Before we try to apply a right hermeneutic to one of the passages in question, let’s apply its principles of authorial intent and audience need to the Bible as a whole. Allowing the literature to provide its answer of authorship, we understand the Scripture was written by God. Granted, there are huge questions that go with this statement (who is God? what does inspiration look like?, etc.), but for the sake of brevity (and regardless of what we think about it), we must understand from the text (see 2 Timothy 3:16 for an example) this ultimate ascription.
That determined (again, whether one agrees or not is not the point; we’re simply trying – from the text – to establish claimed authorship), what was God’s intention in inspiring/writing it? Based on numerous passages of Scripture, God’s ultimate goal seems to be revelation – the revealing of himself as author, creator, redeemer, savior – of those he claims to have created and for whom he takes responsibility. In other words, the authorial intent is that God wants people to know about him so people can know him.
Know him why? What do we understand from the text as to what the author claims his audience’s need is? There seem many possibilities: love, forgiveness, redemption, discipline, provision, care, etc. Without necessarily agreeing or disagreeing on one or more for now, if we rightly understand the overarching narrative that runs through the Bible – not just pulling out strange or confusing passages (we’ll deal with those later) – we recognize that, when it’s all said and done, 1) the author is telling one ultimate story; and 2) that story – like all the best stories (think Lord of the Rings) – is made up of many smaller stories that help tell it.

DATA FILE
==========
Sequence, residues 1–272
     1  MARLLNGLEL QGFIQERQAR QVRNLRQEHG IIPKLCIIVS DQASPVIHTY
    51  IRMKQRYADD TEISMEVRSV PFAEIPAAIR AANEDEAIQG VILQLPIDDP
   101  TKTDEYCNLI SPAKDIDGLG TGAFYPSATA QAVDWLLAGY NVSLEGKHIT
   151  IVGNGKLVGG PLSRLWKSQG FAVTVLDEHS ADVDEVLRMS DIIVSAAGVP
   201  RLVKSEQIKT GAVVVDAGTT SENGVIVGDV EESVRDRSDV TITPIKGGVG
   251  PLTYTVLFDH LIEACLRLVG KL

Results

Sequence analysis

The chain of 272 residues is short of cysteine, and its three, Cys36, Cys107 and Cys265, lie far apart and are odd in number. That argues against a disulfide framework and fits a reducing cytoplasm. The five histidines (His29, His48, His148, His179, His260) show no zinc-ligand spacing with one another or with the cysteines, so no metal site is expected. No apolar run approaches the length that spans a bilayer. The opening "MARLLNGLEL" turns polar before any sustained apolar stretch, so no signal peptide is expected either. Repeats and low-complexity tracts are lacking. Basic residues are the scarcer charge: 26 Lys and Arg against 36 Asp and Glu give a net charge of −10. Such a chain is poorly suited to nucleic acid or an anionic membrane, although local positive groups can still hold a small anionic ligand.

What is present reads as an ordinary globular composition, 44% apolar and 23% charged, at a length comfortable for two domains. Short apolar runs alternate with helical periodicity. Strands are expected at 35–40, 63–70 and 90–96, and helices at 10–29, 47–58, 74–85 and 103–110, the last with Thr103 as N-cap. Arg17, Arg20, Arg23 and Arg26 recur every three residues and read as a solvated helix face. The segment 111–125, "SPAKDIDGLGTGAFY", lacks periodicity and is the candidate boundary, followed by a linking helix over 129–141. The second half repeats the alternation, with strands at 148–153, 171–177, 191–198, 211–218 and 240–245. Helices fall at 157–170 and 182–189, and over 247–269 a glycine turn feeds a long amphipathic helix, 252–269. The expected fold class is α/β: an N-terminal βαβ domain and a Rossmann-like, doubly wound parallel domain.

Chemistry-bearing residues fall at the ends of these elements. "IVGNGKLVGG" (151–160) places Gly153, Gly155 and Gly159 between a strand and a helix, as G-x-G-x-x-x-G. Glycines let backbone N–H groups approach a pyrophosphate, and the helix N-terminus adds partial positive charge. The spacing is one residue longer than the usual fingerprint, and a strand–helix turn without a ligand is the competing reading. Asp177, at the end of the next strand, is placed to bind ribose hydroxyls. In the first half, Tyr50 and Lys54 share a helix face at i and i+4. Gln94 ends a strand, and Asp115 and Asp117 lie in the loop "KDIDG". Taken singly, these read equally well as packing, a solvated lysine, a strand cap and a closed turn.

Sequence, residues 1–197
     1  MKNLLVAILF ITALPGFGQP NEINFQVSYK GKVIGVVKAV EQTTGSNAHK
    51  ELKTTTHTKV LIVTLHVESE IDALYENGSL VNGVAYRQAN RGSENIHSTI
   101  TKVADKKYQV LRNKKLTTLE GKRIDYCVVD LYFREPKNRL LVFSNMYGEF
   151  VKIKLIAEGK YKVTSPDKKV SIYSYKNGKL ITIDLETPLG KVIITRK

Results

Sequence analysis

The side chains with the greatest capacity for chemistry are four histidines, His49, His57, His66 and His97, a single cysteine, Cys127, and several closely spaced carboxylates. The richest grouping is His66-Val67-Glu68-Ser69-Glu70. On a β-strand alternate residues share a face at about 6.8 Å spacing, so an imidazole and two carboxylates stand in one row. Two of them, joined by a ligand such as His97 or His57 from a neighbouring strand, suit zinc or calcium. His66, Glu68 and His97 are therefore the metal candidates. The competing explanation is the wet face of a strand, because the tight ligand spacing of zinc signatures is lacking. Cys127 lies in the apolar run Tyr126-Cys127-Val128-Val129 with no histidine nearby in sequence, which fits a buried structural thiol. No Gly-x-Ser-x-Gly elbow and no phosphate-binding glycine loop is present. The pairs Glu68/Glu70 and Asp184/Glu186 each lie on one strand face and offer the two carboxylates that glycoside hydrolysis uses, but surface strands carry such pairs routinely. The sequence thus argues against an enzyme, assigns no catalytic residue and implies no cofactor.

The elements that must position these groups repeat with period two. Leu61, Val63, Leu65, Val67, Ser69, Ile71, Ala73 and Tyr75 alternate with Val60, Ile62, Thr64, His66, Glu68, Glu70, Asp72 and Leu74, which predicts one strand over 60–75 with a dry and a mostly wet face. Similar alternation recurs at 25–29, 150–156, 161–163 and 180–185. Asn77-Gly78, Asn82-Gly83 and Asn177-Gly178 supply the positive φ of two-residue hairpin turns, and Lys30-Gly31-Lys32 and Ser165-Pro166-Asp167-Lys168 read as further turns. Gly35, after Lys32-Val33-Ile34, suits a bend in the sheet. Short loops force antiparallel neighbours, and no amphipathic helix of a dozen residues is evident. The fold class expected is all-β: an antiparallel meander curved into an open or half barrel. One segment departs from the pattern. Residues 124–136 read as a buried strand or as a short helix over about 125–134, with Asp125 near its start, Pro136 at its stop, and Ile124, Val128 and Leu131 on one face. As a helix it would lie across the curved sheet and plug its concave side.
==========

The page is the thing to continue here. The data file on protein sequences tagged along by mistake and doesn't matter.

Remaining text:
Now, with regard to Paul and the early church concerning women, what is the author’s (Paul’s/God’s) intent and the audience’s (people then and now) need? Some cultural background (taken from Dictionary of Paul and His Letters):
“Although some Greek and Roman women became philosophers, higher education in rhetoric and philosophy was usually reserved for men. In a society where most people were functionally illiterate (especially much of the Empire’s population), teaching roles naturally would fall on those who could read and speak well. Nearly all of our Jewish sources suggest that these roles were, with rare exceptions, limited to men.” (p. 589)
This in and of itself is descriptive, not prescriptive; in other words, just because the Greek and Roman cultures were like this does not mean it was right, nor that Paul/God endorsed it; it was simply (and sadly) reality. But what about Paul’s words about women in 1 Timothy 2:11-12: “Let a woman learn in silence with all submission. And I do not permit a woman to teach or to have authority over a man, but to be in silence”? Doesn’t this line up with the same perspective held by the Greeks and Romans?